Real Economic Support That Acknowledges Unique Restaurant Assistance Needed To Survive: That’s the full name of the bill dubbed the RESTAURANTS Act of 2020. Oregon representative Earl Blumenauer got it to pass the house and now it sits in front of the Senate. The bill proposes $120 billion be administered by the U.S. Treasury Department to ailing restaurants, cafés, and other food and drink establishment types.
PPP was designed with small businesses in mind, but there was no blocking the bigger operations from tapping into it. The program was set up so that businesses had to go to private lenders to administer the funds under the U.S. Small Business Administration’s 7(a) program, which led to a host of other issues, particularly around granting loans to businesses owned by women or minorities. And most of the people who need it don’t qualify for loan forgiveness—making it even more difficult for the new or struggling business owner.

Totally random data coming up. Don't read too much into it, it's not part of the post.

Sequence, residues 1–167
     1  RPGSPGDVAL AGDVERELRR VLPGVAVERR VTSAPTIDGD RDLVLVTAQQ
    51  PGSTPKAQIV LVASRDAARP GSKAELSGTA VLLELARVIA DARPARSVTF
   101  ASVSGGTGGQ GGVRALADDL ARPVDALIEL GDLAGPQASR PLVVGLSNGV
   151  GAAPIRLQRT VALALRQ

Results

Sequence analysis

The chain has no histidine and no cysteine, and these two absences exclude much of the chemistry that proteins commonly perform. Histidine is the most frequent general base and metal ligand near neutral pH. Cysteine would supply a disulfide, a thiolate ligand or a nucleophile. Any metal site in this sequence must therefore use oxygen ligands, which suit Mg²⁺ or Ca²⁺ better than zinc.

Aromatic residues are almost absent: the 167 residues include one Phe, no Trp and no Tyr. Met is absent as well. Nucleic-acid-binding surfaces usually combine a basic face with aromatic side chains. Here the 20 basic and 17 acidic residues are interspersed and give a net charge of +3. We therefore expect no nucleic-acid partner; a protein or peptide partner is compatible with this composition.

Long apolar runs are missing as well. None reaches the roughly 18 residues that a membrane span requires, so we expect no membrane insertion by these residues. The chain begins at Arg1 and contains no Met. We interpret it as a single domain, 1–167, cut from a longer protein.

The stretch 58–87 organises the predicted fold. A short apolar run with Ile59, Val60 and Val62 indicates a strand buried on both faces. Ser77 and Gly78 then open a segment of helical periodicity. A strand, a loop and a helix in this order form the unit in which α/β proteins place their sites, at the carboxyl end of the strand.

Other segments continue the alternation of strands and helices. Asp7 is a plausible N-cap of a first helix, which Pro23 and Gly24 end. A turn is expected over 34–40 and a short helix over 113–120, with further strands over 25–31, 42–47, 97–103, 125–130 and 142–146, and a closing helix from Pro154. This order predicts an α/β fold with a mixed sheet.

That said, this bill is putting major limitations on the big guys ensuring they don’t get access to the money, even under their many aliases. Here are some of the high-level take-aways:
To qualify, you can’t be publicly traded or part of a chain with 20+ locations
For the first 14 days, only restaurants making $1.5 million or less in annual revenue can apply
The grant money can be used for just about anything from payroll to leases and debts.
$300 million is being set aside to support women and minorities, with $60 million in direct outreach to marginalized and underrepresented communities.
Here’s where the bill sits in Congress, which has been gathering dust since June. House democrats have proposed to include it as part of 2.0 version of the HEROES Act as part of the new economic relief package, but the two parties remain divided and revisions keep rolling in.